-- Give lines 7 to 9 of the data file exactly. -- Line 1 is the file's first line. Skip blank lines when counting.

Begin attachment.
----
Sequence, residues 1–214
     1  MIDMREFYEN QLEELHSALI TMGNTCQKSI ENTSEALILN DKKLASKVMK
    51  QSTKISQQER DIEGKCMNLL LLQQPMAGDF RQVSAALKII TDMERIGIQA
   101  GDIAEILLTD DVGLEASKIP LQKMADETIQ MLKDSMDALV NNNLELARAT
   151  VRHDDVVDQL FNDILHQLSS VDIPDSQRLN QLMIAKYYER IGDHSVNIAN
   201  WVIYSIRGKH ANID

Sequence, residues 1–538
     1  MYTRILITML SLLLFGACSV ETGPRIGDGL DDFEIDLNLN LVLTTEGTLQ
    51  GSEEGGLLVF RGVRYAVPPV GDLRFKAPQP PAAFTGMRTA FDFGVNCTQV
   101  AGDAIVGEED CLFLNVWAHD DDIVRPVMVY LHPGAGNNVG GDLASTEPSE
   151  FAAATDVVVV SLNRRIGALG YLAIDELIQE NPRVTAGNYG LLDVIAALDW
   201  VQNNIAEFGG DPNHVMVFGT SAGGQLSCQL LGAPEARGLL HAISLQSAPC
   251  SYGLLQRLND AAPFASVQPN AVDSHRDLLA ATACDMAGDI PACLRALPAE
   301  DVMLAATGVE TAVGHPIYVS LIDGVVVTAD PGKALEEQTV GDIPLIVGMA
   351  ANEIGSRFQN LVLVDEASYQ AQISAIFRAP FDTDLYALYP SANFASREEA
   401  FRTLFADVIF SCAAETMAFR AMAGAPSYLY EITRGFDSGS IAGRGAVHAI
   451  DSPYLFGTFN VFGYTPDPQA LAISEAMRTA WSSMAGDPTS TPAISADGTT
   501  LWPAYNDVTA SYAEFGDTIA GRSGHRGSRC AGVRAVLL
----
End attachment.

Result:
Sequence, residues 1–538
     1  MYTRILITML SLLLFGACSV ETGPRIGDGL DDFEIDLNLN LVLTTEGTLQ
    51  GSEEGGLLVF RGVRYAVPPV GDLRFKAPQP PAAFTGMRTA FDFGVNCTQV